Businesses beware. The penalty regime for consumer law in Australia has undergone a serious overhaul – just in time for the countdown to Christmas.

From 1 September 2018, the maximum pecuniary penalties the ACCC can seek for contraventions of key provisions of the Australian Consumer Law (ACL) increased significantly:

  • for corporations – from $1.1 million to the greater of: (a) $10 million; (b) 3x the value of the benefit; and (c) if the benefit cannot be determined, 10% of annual Australian turnover in the preceding 12 months; and
  • for individuals – from $220,000 to $500,000.

Notably, these penalties apply for each contravention. Where a business is found guilty of multiple contraventions, as has often been the case, the total penalty imposed by a Court could easily spiral far beyond these amounts.

As we all know, one of the busiest times of the year is fast approaching for businesses in Australia. In the flurry of activity, it can be tempting to take more risks and even cut a few corners in order to meet those tight deadlines and keep the commercial team happy.

However, the new penalties legislation means that all businesses need to take a moment to reassess the risk profile of their marketing, promotional and other trading activities in Australia, having regard to the ACL – before it’s too late.

1. Reassess your current  risk appetite

The threat of higher penalties under the ACL needs to be flagged with Boards and senior managers. Moving forward, businesses which contravene the ACL face not just reputational damage – they could be looking at hefty financial penalties that will have a material impact on their bottom line. To give you some perspective, the new penalties legislation means that for a company with a $500 million Australian turnover, the maximum penalty per contravention could be $50 million – almost 5x the amount previously available under the ACL. As noted by Rod Sims, chairman of the ACCC: “If you want your share price to keep rising and if you want to keep distributing dividends, then you better take this seriously.”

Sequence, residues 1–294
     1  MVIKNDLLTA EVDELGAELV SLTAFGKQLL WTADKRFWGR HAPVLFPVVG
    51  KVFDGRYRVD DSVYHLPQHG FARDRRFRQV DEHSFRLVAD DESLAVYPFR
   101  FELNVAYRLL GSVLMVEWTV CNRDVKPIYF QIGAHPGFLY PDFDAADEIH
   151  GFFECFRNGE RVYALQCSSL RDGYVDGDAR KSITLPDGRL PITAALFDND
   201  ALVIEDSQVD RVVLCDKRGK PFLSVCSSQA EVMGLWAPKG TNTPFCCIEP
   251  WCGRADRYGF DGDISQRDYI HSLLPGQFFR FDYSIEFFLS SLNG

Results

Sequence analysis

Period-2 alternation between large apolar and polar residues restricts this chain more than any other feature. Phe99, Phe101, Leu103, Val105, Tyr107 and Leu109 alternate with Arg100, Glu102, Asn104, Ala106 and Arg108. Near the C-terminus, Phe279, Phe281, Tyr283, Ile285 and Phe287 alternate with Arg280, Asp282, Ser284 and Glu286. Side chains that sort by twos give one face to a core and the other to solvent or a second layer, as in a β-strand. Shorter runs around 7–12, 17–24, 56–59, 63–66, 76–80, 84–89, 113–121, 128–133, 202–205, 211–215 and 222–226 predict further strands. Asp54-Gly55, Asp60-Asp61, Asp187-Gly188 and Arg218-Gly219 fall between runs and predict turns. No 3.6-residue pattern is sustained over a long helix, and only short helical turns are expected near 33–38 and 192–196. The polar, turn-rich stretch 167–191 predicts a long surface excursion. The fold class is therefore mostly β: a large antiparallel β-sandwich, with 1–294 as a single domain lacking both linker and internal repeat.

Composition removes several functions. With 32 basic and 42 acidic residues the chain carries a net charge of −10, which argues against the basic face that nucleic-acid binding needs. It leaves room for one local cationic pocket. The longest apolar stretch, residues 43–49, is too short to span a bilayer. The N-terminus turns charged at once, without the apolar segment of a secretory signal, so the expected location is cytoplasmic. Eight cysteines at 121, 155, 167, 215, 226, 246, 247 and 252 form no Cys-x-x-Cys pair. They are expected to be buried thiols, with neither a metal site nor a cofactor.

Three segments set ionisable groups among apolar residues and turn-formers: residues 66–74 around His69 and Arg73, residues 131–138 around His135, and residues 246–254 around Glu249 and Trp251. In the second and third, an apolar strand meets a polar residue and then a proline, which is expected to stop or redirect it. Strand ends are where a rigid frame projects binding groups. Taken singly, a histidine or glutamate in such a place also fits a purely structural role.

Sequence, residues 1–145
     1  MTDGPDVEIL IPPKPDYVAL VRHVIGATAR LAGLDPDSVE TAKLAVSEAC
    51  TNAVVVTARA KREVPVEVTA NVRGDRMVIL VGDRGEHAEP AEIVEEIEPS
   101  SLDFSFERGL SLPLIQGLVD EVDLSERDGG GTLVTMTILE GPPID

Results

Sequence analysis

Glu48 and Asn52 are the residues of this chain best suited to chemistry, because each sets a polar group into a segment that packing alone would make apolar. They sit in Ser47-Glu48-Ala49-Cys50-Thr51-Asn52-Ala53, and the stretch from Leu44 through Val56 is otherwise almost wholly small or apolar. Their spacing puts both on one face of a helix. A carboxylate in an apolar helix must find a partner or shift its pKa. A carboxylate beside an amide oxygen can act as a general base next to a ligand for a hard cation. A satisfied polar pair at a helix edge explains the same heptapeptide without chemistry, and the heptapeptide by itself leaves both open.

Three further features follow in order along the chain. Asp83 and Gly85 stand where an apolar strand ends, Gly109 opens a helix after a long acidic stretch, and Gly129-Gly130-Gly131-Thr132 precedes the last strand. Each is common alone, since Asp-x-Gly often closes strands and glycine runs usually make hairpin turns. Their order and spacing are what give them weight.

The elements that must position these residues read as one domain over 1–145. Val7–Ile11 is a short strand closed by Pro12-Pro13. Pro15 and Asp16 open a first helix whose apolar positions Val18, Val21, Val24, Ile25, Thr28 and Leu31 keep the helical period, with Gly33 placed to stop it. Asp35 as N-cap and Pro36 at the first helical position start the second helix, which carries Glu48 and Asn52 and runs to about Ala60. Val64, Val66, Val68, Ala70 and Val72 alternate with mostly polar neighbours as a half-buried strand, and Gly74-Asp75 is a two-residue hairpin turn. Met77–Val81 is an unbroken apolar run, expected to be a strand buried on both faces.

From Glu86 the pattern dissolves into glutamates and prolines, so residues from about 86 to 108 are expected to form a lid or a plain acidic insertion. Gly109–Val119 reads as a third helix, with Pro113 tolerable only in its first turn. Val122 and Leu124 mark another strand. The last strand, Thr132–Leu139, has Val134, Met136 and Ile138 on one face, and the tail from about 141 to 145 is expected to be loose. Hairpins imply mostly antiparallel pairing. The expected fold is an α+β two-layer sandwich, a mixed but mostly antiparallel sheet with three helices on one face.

2. Get your house in order

One thing to bear in mind is that, whilst the amount of the penalties has changed, your obligations under the ACL have not.

False or misleading representations will no doubt continue to be a key enforcement area for the ACCC this Christmas. Also, as you may be aware, consumer guarantees have been on the ACCC’s watch-list for a number of years now, with LG Electronics and Apple the latest targets in a string of high-profile, successful cases brought by the regulator.

In light of the increased risks, we strongly recommend conducting a review of all compliance policies and procedures, to ensure that they are up-to-date and adequately address any risk exposure in your business, before the commercial madness hits.

Some key areas to focus on are:

  • Staff Training: Provide comprehensive training to all staff, especially customer helpline employees and other customer-facing staff, around consumer rights – particularly in respect of refunds and exchanges for faulty products. Remember, all goods sold to a consumer come with minimum statutory guarantees that cannot be contracted out of by any manufacturer or supplier.
  • Corporate governance: If you don’t already, you should consider having a marketing communications approval matrix in place. This is to ensure that any potentially high-risk claims are escalated to the attention of a senior manager as early as possible, so that they can be dealt with before they become a major issue.
  • Record keeping: Keep a register to record whether and, if so, how conflicts with consumers are resolved, with a record of the date of the complaint, the complainant’s details, and details around the nature of the complaint, the relevant product SKU, any investigative procedures undertaken, and the solution offered to the consumer (e.g. “full refund offered”). This will help to prevent any complaints from falling by the wayside amidst the festive rush.
  • Advertising and Marketing: Closely review any product packaging and advertising and marketing materials to ensure that all claims can be readily substantiated and do not overreach the facts. Remember, it isn’t always enough just to include a disclaimer on a product label or in advertising and marketing – that disclaimer needs to be sufficiently clear and the overall impression of the advertising or marketing must not be false or misleading. Otherwise you may run a real risk of breaking the law.

To wrap up, ACL penalties have become much more than just another cost of doing business in Australia. No doubt, after campaigning hard for these changes to the ACL, the ACCC will be eager to test out the scope of its latest gift from Parliament.

This is one year you won’t want to be on the ACCC’s black list.